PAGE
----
Friday, January 25, 2013

New DOE Guidance: Students with Disabilities and School Athletics

As widely reported in the news today under headlines reading:  "Schools Must Provide Sports for the Disabled," United States Department of Education Secretary Arne Duncan announced the issuance of new guidance clarifying public schools' responsibility to provide students with disabilities access to participation in extracurricular sports.  The guidance, issued via a "Dear Colleague Letter " dated January 25, 2013, implements the recommendations of a 2010 GAO report   on the topic. The impact of these new directives is yet to be seen.

 Read the Dear Colleague letter on students with disabilities in school athletics, at the link above.

Reminder: Schools May Not Require Parents to Obtain Medical Documentation of Disability

As the school year progresses, several issues arise every year.  One of them relates to the requirements for parents seeking to initiate an evaluation, particularly in the case of students with ADHD. Parents seeking accommodations or services for their children with ADHD or other disabilities are frequently informed, by their public school district, that they are required to provide medical proof of a diagnosis before the assessment may begin.  While a private prescription may be necessary for some school-related purposes - such as the dispensation of prescription medications during the school day -school districts may not require parents to privately pay for medical assessments or diagnoses before initiating evaluation under Section 504 or the IDEA.  Evaluation under either statute is required to be provided free of charge to parents.  This has been the invariable requirement since the inception of the statutes.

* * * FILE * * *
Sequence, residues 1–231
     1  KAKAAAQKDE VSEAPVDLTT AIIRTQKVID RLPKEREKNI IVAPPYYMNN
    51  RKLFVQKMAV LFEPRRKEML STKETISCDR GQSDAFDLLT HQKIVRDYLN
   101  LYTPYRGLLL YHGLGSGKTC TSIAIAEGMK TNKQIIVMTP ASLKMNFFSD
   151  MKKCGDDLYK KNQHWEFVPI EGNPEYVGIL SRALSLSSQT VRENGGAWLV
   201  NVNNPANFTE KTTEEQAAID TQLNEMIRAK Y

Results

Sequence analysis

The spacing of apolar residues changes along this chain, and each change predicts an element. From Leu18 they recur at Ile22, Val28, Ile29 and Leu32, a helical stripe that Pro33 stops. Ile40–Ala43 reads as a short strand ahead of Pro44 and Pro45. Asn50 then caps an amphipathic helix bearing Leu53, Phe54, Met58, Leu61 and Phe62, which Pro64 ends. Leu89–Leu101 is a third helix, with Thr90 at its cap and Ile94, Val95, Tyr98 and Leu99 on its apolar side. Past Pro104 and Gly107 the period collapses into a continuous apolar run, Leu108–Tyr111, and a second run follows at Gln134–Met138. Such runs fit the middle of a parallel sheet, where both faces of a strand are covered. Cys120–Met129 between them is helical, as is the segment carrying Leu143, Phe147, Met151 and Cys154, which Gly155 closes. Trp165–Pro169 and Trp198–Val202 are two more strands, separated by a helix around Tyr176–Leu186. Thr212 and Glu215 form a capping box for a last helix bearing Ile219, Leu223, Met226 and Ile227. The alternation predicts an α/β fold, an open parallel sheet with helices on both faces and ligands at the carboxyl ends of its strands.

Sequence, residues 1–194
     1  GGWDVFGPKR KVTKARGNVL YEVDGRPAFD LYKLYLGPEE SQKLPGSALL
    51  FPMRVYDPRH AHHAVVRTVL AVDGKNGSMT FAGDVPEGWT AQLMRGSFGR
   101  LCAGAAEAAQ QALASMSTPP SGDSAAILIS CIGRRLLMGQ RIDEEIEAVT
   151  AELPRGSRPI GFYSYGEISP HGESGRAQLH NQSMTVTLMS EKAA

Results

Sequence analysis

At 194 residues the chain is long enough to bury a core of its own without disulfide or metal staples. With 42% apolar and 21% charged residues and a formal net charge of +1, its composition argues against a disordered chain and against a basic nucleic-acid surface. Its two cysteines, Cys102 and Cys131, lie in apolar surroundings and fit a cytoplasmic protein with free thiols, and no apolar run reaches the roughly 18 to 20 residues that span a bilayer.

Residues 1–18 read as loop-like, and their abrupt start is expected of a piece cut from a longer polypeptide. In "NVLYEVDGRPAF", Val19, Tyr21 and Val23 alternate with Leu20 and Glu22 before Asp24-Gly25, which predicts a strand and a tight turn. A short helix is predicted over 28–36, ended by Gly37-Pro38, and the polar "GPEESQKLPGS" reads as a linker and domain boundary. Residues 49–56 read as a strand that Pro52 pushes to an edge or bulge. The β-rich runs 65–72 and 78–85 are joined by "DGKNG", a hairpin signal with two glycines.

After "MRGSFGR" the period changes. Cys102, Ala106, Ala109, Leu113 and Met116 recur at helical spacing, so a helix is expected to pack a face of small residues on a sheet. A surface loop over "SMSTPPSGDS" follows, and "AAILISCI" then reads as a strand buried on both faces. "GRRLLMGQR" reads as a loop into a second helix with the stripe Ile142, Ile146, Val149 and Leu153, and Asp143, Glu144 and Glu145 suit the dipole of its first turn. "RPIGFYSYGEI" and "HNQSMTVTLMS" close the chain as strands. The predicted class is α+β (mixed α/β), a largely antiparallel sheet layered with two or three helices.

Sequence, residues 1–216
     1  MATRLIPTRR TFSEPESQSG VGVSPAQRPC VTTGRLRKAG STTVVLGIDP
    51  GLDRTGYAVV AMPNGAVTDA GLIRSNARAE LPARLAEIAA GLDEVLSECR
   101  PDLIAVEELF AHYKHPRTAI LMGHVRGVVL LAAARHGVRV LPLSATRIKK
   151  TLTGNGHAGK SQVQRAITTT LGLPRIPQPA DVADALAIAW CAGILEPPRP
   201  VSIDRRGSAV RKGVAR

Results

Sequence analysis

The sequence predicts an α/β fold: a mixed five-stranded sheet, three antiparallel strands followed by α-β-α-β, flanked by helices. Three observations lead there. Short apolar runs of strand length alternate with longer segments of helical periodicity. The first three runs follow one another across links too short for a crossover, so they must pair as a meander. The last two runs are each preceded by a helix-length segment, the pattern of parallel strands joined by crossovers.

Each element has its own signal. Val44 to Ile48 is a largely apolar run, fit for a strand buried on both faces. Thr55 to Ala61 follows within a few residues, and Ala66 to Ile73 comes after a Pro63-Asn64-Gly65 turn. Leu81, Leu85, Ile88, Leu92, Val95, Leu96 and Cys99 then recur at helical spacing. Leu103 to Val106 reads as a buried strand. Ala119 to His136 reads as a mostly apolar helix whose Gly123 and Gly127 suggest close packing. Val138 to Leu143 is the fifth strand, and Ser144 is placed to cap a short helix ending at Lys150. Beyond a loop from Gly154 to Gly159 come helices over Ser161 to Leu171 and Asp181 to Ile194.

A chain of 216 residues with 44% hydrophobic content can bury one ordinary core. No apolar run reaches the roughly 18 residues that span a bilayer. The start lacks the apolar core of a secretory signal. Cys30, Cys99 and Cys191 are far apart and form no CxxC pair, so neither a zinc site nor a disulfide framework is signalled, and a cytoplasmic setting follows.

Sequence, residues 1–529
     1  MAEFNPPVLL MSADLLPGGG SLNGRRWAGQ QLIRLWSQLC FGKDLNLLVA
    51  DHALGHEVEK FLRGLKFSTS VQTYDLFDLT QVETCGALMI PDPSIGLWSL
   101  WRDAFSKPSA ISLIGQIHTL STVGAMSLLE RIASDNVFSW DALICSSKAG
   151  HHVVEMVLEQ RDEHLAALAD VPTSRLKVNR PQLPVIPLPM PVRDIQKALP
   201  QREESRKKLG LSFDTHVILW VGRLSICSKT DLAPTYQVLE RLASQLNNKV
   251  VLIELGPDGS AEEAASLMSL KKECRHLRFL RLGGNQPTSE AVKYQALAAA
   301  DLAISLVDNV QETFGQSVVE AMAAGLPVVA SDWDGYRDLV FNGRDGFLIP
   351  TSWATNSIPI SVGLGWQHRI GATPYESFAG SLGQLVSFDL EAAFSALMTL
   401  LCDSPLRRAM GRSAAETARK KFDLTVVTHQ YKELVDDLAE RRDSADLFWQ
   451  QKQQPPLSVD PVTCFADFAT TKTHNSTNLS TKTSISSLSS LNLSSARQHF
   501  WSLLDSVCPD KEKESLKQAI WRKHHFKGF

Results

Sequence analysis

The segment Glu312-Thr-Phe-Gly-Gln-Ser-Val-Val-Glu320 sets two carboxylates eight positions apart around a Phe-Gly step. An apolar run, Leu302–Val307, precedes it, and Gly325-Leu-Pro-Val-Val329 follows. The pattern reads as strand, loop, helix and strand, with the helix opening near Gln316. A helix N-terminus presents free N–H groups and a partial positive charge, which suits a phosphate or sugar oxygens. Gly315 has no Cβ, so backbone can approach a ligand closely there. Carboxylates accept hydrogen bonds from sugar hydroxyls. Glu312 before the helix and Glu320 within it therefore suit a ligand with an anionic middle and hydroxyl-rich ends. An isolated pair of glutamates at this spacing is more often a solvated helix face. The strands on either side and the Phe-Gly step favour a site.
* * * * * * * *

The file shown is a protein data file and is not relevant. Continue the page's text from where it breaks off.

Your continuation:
"Under the regulation implementing Section 504, when a school district has reason to believe that a student needs or may need special education and/or related services because of a disability, the district must conduct an evaluation. While schools may consider and/or rely on information provided by the parent, schools may not require parents to provide diagnostic information or obtain outside assessments for students as a condition of proceeding further with an evaluation." Letter to Kniewel, OCR 2011

Tuesday, October 2, 2012

Third Circuit: Relocation Does Not Moot Comp Ed Claims

In a new precedential decisionD.F. v Collinsgwood, the Third Circuit held that a child's move out of state does not moot a compensatory education claim for past denial of FAPE. 

The ruling reversed the dismissal of a claim for compensatory education for a student with disabilities who was denied special education services and subsequently moved out of state.  The Court's analysis distinguished between compensatory remedies and prospective relief, holding that compensatory education is an equitable remedy determined case by case, and can be made available for parent's use through monetary fund, accessible wherever the parent may move.  Noting that allowing relocation to moot past claims for relief would leave a a huge gap in the remedial scheme of the IDEA, the court concluded that mooting compensatory education claims on the basis of relocation of parents would be illogical. In reaching its conclusions, the Court reinforced three primary concepts of the IDEA:   the Forest Grove notion that IDEA should not be interpreted to allow gaps in the remedial scheme; the equitable powers of the courts to fashion an appropriate remedy case by case; and,  the "F" prong of the fape requirement, which dictates that special education must be free and cannot depend upon parents' ability to "front" the cost of education.